Beating Sugar Addiction For Dummies
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Artificial sweeteners are detrimental to the sugar addict because they work by causing neuro-excitation in a part of the brain that causes people to perceive a sweet taste. The danger is that these chemical sweeteners overstimulate the neurons to the point where they basically self-destruct. You literally get brain damage from these chemicals!

MSG and NutraSweet are especially dangerous for babies (both in and out of the womb) because infants’ brains aren’t yet protected by the blood-brain barrier. A possible explanation for the enormous rise of autism in American children is the mothers’ use of these chemicals while pregnant (and the prevalence of these chemicals in processed food for babies and toddlers).

If you’re pregnant or have small children, you should investigate the research on artificial sweeteners in such journals as the Journal of Child Neurology, Biomedica Biochimica Acta, the International Journal of Neuroscience, and the Journal of Neurochemistry.

Problems with monosodium glutamate (MSG) for the sugar addict

Most folks are aware that MSG is bad news. Here’s why:

  • Brain damage: Excessive glutamate in the brain kills glutamate receptors and neurons connected to it. This has huge implications for Alzheimer’s and Parkinson’s diseases.

  • Hypothalamus damage: The hypothalamus controls other endocrine glands like the thyroid, adrenal glands, and so on.

  • Increased appetite: The pro-MSG lobbying website used to boast that one of the benefits of MSG for food manufacturers was that it caused people to eat more of their products.

  • Retinal cell damage: MSG has been proven to cause retinal lesions.

  • Weight gain: MSG increases the amount of insulin that the pancreas produces and causes leptin resistance. One of the standard laboratory practices to create obese mice and rats is to inject them with MSG. They’re even referred to as monosodium-glutamate-obese rats in the research reports!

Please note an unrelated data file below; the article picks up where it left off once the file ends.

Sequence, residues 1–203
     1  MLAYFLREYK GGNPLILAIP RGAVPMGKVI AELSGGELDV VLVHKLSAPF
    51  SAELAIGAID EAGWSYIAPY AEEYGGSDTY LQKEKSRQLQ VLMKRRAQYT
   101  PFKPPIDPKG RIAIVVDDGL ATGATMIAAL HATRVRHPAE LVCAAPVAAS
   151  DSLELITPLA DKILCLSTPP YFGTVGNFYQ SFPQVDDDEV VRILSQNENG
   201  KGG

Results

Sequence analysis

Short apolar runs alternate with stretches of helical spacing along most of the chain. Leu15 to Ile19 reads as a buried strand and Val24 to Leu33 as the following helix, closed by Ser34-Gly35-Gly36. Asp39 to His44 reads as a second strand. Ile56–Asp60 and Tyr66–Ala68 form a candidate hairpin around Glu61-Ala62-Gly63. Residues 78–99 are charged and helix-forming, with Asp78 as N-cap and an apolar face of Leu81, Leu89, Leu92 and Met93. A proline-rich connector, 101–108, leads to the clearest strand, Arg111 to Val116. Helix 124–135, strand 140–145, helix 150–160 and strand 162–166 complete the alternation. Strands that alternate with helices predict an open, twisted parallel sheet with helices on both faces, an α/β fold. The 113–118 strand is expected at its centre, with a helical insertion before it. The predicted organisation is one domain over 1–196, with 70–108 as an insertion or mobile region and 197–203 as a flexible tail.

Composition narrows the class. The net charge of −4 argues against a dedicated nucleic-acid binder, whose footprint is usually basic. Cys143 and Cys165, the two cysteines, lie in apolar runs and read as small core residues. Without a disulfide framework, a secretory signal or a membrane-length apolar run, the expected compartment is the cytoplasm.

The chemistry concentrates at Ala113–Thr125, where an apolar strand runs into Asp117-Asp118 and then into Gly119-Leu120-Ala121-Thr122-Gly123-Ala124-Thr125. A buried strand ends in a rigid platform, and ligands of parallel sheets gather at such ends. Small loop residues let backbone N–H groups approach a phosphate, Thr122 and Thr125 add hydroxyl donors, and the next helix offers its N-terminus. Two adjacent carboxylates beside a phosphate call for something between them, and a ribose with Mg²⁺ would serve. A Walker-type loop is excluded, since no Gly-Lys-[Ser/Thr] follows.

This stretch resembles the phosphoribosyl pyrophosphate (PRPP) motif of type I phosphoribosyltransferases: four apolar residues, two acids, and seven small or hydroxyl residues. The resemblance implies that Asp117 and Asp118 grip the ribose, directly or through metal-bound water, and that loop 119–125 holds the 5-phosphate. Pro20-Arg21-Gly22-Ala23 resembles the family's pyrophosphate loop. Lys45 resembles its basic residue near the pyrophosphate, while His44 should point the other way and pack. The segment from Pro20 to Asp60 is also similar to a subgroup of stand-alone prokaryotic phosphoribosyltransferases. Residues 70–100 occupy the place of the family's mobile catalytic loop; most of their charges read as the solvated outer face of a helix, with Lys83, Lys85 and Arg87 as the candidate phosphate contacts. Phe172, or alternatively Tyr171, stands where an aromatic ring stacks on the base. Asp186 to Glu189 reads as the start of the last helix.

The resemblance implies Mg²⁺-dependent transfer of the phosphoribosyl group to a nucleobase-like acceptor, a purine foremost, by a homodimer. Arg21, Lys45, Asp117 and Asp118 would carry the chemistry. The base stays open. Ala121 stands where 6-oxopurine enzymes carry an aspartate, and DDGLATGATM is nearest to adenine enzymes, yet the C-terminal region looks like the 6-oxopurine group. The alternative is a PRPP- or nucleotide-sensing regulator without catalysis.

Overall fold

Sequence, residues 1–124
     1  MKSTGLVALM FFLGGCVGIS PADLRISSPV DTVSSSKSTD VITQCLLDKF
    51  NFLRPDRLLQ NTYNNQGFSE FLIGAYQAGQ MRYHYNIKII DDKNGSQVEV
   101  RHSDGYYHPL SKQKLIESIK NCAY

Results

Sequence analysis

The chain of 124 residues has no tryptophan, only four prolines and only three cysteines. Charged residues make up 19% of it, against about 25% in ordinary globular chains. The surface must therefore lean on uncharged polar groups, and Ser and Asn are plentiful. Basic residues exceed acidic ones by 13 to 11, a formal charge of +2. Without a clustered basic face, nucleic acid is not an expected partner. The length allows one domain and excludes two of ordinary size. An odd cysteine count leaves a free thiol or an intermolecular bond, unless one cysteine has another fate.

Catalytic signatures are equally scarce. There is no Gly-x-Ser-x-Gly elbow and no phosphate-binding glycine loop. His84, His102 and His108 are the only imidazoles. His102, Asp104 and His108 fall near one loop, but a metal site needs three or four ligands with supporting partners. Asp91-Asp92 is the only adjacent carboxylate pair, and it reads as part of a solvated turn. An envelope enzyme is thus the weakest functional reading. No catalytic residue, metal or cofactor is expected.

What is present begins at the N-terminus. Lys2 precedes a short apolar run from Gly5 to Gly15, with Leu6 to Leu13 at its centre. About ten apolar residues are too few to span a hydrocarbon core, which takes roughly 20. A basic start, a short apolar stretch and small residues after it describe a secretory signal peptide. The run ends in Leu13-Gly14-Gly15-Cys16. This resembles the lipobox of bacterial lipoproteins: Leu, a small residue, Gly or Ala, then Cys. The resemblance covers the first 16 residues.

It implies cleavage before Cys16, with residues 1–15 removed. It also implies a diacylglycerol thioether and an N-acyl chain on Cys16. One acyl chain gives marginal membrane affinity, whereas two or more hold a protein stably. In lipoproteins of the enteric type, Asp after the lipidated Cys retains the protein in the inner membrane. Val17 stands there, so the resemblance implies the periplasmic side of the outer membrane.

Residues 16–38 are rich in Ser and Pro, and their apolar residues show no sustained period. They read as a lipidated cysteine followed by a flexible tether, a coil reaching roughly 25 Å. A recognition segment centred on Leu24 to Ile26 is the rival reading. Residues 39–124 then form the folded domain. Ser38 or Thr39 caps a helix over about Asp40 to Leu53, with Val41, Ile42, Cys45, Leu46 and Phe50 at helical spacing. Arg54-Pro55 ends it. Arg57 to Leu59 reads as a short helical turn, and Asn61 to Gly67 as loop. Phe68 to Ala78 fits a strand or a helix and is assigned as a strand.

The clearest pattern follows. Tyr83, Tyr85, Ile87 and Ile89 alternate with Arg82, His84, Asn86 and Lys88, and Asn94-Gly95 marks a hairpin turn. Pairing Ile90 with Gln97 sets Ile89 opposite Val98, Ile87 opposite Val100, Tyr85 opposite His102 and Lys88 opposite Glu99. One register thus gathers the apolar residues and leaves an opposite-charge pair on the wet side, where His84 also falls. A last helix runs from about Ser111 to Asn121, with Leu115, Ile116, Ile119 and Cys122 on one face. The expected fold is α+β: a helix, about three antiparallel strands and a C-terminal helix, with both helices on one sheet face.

Because MSG gets so much bad publicity, food manufacturers hide it behind these names:

  • Hydrolyzed oat flour

  • Hydrolyzed vegetable protein

  • Malt flavoring

  • Natural beef (or chicken) flavoring

  • Natural flavoring

  • Plant protein extract

  • Sodium caseinate

  • Spices

  • Textured vegetable protein

  • Yeast extract

Problems with aspartame (NutraSweet) for the sugar addict

Aspartame is an artificial sweetener that was discovered by accident in 1965. Aspartame is composed of two amino acids (aspartic acid and phenylalanine) and is 200 times as sweet as table sugar. Commonly labeled as NutraSweet, it is often found in diet soft drinks, sugar-free chewing gum, and sugar-free mixes like puddings and yogurts. Although it’s nearly calorie-free, ingesting large amounts of aspartame may have some dangerous effects:

  • Brain damage: Like MSG, aspartame kills glutamate receptors and neurons connected to it.

  • Brain tumors: In experiments to test the safety of aspartame before its approval by the U.S. Food and Drug Administration (FDA), animals that were fed NutraSweet developed 25 times as many brain tumors as the control animals.